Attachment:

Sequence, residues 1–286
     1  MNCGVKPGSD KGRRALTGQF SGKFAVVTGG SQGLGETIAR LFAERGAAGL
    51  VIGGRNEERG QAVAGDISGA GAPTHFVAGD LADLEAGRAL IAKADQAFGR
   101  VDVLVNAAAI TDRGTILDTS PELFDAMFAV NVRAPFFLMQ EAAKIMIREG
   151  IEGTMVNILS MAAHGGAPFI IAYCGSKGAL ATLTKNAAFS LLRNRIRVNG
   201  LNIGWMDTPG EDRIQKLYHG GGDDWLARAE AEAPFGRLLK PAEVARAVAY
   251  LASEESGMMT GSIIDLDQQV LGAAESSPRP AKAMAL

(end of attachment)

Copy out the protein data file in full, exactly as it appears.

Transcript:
Sequence, residues 1–286
     1  MNCGVKPGSD KGRRALTGQF SGKFAVVTGG SQGLGETIAR LFAERGAAGL
    51  VIGGRNEERG QAVAGDISGA GAPTHFVAGD LADLEAGRAL IAKADQAFGR
   101  VDVLVNAAAI TDRGTILDTS PELFDAMFAV NVRAPFFLMQ EAAKIMIREG
   151  IEGTMVNILS MAAHGGAPFI IAYCGSKGAL ATLTKNAAFS LLRNRIRVNG
   201  LNIGWMDTPG EDRIQKLYHG GGDDWLARAE AEAPFGRLLK PAEVARAVAY
   251  LASEESGMMT GSIIDLDQQV LGAAESSPRP AKAMAL